14. It's like I get all of the things I initially loved about teaching, without all the parts I grew to despise. I get to connect with my students, build relationships, watch them grow, do fun activities, explore the world, and just have a good time.
15. Sometime the real world is the best classroom. I never struggled with fractions, and I'm convinced it's because I'd already learned about fraction relationships learning to bake with my dad every Christmas. They never intimidated me because I knew from hands-on experience that a 1/4 cup was smaller than a 1/2 cup. They nested inside each other in the cluttered drawer in the kitchen.
16. We can take advantage of immediate opportunities for further learning. If we read a book about whales, we can pull up recordings of whale sounds or watch videos of whales breeching. We can get in the car and head to the library for story books or nonfiction books about whales. The opportunities are endless.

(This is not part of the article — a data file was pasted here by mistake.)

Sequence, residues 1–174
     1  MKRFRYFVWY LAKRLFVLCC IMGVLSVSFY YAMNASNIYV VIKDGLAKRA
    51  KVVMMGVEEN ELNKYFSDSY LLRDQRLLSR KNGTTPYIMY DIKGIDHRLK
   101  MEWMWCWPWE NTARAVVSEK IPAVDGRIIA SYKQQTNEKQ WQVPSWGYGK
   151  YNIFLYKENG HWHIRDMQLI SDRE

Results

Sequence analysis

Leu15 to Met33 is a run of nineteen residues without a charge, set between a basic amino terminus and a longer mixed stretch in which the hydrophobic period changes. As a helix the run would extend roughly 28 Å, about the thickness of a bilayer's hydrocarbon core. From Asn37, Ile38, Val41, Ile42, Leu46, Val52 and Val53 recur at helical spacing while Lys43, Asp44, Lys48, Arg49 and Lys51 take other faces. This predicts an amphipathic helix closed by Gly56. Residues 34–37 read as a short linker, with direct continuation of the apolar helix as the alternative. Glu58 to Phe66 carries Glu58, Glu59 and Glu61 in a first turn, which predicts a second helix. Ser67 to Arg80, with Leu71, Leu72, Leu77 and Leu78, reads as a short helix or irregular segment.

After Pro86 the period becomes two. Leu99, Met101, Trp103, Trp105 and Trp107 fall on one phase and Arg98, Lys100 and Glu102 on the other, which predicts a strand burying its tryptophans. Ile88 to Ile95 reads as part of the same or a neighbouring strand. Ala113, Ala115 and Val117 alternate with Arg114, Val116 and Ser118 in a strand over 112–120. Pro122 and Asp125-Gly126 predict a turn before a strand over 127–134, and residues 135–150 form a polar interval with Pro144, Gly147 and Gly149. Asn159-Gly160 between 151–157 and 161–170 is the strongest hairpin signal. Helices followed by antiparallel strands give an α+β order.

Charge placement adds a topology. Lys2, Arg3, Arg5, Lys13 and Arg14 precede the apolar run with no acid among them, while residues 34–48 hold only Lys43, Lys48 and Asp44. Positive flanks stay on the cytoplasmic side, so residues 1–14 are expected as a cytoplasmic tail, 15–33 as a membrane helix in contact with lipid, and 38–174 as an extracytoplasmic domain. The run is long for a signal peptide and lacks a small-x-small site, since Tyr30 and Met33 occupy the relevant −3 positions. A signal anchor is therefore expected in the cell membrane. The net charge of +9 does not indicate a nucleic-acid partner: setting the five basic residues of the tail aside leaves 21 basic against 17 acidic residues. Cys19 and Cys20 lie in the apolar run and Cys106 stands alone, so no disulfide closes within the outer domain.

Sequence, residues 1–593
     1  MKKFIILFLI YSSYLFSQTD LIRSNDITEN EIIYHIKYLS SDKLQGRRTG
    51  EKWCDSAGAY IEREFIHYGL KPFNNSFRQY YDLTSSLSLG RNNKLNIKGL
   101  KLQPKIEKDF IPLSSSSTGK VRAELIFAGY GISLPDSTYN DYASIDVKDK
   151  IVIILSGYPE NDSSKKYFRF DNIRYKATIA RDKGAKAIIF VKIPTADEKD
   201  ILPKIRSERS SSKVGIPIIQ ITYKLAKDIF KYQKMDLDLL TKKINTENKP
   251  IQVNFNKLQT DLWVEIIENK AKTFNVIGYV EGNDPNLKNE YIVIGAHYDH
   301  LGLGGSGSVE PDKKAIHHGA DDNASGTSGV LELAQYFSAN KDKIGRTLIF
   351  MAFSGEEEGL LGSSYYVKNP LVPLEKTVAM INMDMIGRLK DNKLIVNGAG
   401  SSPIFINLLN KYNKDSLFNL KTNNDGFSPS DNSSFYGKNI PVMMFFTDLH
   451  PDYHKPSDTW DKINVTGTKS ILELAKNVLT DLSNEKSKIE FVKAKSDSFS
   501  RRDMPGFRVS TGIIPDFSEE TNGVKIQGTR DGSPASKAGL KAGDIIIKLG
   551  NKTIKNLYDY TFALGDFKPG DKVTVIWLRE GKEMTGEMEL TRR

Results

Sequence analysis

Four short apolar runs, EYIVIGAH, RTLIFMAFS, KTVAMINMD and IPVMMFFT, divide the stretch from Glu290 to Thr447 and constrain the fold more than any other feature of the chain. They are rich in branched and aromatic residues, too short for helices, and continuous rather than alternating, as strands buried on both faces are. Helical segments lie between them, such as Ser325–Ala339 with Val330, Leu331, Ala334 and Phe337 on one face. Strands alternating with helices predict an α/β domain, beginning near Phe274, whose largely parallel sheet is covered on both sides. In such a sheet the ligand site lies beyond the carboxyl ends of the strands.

17. Homeschoolers are weird. Sometimes people list this as a con to homeschooling, but for me, it's a complete positive. I was a victim of bullying until I found my tribe in the form of high school theatre. I don't think I ever minded being bullied after I found my theatre friends. But it was a long journey to find them. There's a lot of peer pressure to fit in, even in elementary school. Sure, we need our kids to build character to stand up for themselves later in life, but we don't have to throw them into the deep end. I think homeschoolers are sometimes "weird" because they are free to be themselves. It's ok to be nerdy (read: passionate) about something when you are a homeschool kid. It's almost an expectation. I have always felt a lot of pressure to conform by being something I'm not, and I would like to postpone that pressure for my kids while I help them build up the strength to withstand it when the time comes.
I'm actually going to wrap this list up here. There are so many more reasons, and I find more all the time. I started this journey because I couldn't stand testing culture, but the more I read and the more I learn and spend time with my own children, the more rewards I find. But I do have one more thing to say on this topic.